BOB: To quote the aforementioned En Vogue, “Be yourself and the rest will follow”.
If you met YOU 20 years from now, what would you ask him? Or would you just awkwardly watch him as he akwardly watched you? James, Fresno, CA
BOB: I’d be real happy he was living. I don’t think it would be awkward–probably just logical. Flames rising from burning wood in trash can.
MIKE: I would tell myself how handsome I was. It would be a lie, but don’t I have a right to happiness?
Should I get a cat? Do they like acoustic guitars and recording studios? – Dave, London, England
MIKE: If your guitar is marked with that this-is-mine cat-spray-scent, then, when you play shows, other cats may dislike you intensely. Whether the cat’s spiritual this-is-mine spray will become imbued in your recordings is an intriguing question. When I was twelve, our cat would curl up around the boombox when I played the cassette of the Jesus and Mary Chain’s “Psycho-Candy.” I suspect the album’s mix held a certain frequency of cat-soothing lower midrange, but perhaps it was recorded in the presence of canaries.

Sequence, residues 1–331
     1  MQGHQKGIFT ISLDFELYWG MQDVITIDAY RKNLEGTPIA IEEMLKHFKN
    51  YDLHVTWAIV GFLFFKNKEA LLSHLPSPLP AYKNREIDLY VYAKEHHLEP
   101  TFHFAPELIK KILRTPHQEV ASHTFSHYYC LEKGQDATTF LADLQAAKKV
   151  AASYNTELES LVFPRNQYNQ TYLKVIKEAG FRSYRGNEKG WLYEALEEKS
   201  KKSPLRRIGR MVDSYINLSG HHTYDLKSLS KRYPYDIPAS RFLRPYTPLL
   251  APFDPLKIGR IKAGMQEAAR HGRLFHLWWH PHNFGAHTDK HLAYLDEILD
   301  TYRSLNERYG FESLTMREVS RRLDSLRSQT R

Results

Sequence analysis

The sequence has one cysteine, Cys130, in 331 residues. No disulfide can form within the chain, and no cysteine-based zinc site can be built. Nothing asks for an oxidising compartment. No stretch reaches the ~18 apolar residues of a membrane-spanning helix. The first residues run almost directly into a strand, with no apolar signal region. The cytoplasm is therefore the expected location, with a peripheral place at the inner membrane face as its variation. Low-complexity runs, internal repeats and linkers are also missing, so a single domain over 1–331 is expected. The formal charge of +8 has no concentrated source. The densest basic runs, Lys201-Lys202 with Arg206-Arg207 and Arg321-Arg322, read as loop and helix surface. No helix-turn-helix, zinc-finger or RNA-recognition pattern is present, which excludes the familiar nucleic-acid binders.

BOB: No, you shouldn’t. Get a corgi. I knew a mongrel in Hull, UK (Adelphi Club) that slept on stage next to the kick drum during loud band’s performances. Not that that has a thing to do with animals listening to Cat Stevens.
I have a fake eye and I would like Hollywood, television, comedy, and fiction in general to stop using wonky eyes as an over-simple device to create “weird” characters and easy jokes. What should i do about it? .-) – Bob, Vancouver, BC
BOB: I’m afraid there’s nothing you can do about it. It is tacky and cheap but you can rise above.
MIKE: Bob, I’m afraid I really have no idea. Be comfortable with yourself, and laugh off the ignorance of others. They are dumb and also bad. Not incidentally, if I had a fake eye, I’d have a super-freeze-ray installed in it.
Would you prefer me to hit on the cute hipster girl during your song or while you’re talking in between them? – Mark, Los Angeles, CA